The Trouble with Urinalysis Testing
Changes in Near Future, Emerging Best Practices for Chemical Dependency Treatment Providers
In an informal meeting last month our CEO spoke with representatives of payers and a highly reputable testing lab about the role of urinalysis testing in chemical dependency treatment.
In plain language, the perception among insurance industry payers of the value of UA testing has been a problem, particularly recently. With urinalysis testing unsupported by sufficient clinical data, payers are finding billing rates excessive, and questioning the frequency with which patients are being tested. When a question arises, current policy among payers is either to deny coverage, or to request the patient’s full medical record. We estimate that approximately 62% of UA billings do result in a request for medical records. For your facility or practice, each request represents an obvious drain on your administrative resources. Still more problematic are UA claims that continue to return persistent denials in spite of providers’ compliance in supplying medical records. As of this writing, our Special Claims Department estimates the number of persistently denied UA claims to be above 40%.
We believe that urinalysis testing is not being presented as a clearly integral part of most patient treatment plans, with the result that payers’ perception of its value in chemical dependency treatment is not reflective of its value to you, the treatment provider. We believe that in the near future payers are going to be changing their requirements and policies for UA testing and billing in ways that reflect their present assessment of its value.
Omneity Billinginvites you to work with us to bring in all that is lawfully yours.
We are strongly advocating for an active approach to UA documentation practice. Providers in chemical dependency already know the value and necessity of UA testing. Omneity Billing clients are going to be out ahead of changes in UA billing because of protocols we are developing that will show the value of urinalysis testing to payers in a quantifiable manner. Our responsive practice guidelines are directed toward achieving a three-fold strategy:
- Avoid the cycle of UA claim denial
- Establish legitimacy of UA testing as integral to the treatment process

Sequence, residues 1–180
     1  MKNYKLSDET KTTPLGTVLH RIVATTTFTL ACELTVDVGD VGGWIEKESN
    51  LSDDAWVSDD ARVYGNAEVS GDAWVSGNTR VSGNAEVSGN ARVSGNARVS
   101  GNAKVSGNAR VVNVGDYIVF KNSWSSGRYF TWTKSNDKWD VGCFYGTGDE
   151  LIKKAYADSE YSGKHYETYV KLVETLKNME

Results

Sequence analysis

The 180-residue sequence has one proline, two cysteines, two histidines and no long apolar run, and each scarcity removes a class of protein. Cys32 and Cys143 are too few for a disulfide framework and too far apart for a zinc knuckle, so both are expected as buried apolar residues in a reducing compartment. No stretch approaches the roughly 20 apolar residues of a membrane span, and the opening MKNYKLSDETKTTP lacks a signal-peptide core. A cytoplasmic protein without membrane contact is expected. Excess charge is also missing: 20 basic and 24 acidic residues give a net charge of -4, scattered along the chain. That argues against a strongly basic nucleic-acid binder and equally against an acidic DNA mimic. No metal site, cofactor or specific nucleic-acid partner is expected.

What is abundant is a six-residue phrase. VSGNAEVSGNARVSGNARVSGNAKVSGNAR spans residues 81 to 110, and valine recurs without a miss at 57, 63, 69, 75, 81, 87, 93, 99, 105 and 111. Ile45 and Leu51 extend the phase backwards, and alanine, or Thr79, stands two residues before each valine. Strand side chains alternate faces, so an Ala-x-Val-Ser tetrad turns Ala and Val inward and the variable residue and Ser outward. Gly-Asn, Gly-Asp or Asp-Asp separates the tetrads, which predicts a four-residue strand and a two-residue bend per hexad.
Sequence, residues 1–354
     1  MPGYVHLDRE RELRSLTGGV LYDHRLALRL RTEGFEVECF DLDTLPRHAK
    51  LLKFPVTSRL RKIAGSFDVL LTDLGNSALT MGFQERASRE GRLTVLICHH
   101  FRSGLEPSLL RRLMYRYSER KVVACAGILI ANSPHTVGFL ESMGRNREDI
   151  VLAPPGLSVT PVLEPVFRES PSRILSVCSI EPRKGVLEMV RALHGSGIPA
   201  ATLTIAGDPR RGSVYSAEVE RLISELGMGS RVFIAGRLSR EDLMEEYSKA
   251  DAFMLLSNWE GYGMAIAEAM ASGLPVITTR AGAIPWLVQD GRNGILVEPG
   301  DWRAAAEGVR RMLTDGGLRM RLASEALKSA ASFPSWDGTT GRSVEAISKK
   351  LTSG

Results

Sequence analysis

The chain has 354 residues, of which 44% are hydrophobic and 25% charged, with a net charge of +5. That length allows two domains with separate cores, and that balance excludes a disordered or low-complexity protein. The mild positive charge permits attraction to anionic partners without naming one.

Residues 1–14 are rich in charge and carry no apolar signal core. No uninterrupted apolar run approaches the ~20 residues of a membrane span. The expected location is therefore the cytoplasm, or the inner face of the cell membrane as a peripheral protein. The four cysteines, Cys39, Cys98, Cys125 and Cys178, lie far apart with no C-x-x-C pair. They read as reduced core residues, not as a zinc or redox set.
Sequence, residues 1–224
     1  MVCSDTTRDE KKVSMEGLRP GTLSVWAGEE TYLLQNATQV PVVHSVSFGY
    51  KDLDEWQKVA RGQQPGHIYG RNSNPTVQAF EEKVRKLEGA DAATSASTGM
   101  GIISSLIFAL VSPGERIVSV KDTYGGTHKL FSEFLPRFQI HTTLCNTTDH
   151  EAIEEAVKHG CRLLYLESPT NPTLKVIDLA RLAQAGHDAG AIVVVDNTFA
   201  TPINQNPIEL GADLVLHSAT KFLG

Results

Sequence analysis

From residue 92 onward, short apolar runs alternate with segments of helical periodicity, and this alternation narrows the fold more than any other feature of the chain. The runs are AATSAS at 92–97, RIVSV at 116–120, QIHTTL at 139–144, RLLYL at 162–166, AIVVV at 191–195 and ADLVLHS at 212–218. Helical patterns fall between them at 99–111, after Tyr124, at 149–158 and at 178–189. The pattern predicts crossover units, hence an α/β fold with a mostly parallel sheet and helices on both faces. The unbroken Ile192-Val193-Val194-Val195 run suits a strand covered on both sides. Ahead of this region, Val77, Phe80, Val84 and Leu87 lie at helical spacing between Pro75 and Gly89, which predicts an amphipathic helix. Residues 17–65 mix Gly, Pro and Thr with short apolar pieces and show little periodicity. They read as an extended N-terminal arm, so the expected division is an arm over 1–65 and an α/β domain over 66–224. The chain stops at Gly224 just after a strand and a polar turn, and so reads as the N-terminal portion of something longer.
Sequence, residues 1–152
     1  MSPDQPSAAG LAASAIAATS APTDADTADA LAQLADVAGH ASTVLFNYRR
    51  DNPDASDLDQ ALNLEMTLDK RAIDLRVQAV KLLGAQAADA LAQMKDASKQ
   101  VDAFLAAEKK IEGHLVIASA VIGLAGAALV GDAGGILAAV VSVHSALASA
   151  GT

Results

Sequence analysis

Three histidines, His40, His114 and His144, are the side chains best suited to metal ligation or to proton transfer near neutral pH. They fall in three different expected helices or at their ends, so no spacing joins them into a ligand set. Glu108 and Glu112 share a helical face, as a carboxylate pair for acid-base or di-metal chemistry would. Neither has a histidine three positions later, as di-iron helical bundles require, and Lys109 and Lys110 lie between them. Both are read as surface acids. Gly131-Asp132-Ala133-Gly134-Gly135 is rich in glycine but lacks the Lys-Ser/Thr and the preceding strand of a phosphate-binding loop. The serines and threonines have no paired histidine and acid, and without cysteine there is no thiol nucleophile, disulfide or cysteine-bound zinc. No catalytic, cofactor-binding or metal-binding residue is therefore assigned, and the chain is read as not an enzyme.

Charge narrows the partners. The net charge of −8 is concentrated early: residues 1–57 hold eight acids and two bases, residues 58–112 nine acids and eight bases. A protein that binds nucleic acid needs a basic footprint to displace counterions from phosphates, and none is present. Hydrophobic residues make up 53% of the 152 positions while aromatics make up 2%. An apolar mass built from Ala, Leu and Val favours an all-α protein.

- Enhance the long-term credibility of your facility or practice
The truth is that payers want to build relationships with reputable treatment facilities and practices. Because of our relationships with top payers, Omneity Billing is ahead of the curve on UA billing protocols, and can bring your facility’s UA testing routines into line with new practices before they’re implemented. We’re bringing these three goals within reach by advancing a system for providing documentation and data to payers that supports medical necessity for UA testing.
Omneity Billing Aims for Future UA Protocols
We believe our first, best tactical action is to link UA testing with the patient’s treatment plan, and consistently track results to build quantifiable evidence of medical necessity:
- Protocols activated before testing begins
- Consistent action throughout treatment plan
- Leveraging clinical involvement in support of testing
A dynamic response to present perceptions will build payers’ understanding of the value of continuous testing. Additionally, as chemical dependency treatment providers, you know that a negative test result may not be all it seems. At Omneity Billing, we also believe that consistency of documentation, established in clear relation to the patient’s overall record, will be the key to eventually establishing the value of payment for negative as well as positive test results.
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About How Patients Can Return False Negatives
In the future, we are hoping to see forward-thinking facilities take advantage of in-office strip test methods that will indicate when test cheats may have been used, before incurring the expense of a full laboratory test. Such test strips are already available from the better laboratories. Besides the obvious savings of time and money to both facility and payer, such a test would ultimately benefit patients’ quality of treatment by allowing for immediate, on-the-spot clinical response.
Treatment Providers, Laboratory Service Providers, and Payers: Building Alliance
Arbitrary limits on reimbursements and restrictions on the number of tests; number of analytes; panel composition and type; frequency of testing; or methodology of testing interfere with the physician’s judgment and represent a discriminatory action prohibited by federal mental health and addiction parity legislation, which states that any limitations on addiction care may not be substantially different from limitations in any other area of health care.
Drug Testing As A Component Of Addiction Treatment and Monitoring Programs and in Other Clinical Settings. (n.d.). Retrieved from
While we at Omneity Billing are passionate about safeguarding insurance patient access to treatment options to the fullest extent of the law, the solutions we design must consider all participants in patient care: insurance payers, as well as providers. Bring your facility’s UA billing needs to us, and be sure that we will be working not only to speed and maximize your revenue cycle, but to enhance your relationship with insurance payers as well.
About Omneity Billing
Omneity Billing is the comprehensive provider of insurance billing services to the behavioral healthcare community. We are here to enforce the legal obligation of insurance companies to provide medically necessary care, and protect the rights of patients and those who treat them. From our detailed eligibility summaries and powerful utilization support, to the individualized care of our unprecedented Family AdvocacyÂ© Department, we are dedicated to supporting the viability of treatment facilities nationwide.